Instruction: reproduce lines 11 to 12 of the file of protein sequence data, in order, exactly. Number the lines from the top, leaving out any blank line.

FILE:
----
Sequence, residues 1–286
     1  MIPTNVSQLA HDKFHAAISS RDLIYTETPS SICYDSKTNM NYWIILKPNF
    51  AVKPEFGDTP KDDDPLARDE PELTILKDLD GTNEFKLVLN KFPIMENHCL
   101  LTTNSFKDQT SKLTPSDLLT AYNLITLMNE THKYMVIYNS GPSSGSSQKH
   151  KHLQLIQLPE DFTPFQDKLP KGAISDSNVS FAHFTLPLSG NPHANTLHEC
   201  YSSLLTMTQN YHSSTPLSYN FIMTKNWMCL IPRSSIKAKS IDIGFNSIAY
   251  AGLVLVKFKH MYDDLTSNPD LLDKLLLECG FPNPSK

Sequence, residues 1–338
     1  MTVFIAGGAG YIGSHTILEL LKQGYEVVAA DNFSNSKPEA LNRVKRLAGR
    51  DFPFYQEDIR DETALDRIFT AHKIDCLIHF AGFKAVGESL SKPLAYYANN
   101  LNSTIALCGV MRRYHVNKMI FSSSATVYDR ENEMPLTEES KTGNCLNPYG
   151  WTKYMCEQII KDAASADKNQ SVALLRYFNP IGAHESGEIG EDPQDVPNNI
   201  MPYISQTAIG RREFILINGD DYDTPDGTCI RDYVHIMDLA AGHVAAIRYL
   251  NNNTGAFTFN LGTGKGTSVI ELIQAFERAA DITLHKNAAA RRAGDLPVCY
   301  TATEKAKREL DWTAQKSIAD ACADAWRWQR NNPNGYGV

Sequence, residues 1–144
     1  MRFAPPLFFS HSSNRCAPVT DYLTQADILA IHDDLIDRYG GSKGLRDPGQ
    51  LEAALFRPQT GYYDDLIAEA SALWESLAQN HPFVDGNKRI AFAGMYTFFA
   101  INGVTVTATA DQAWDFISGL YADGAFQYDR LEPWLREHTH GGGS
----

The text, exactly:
   101  LNSTIALCGV MRRYHVNKMI FSSSATVYDR ENEMPLTEES KTGNCLNPYG
   151  WTKYMCEQII KDAASADKNQ SVALLRYFNP IGAHESGEIG EDPQDVPNNI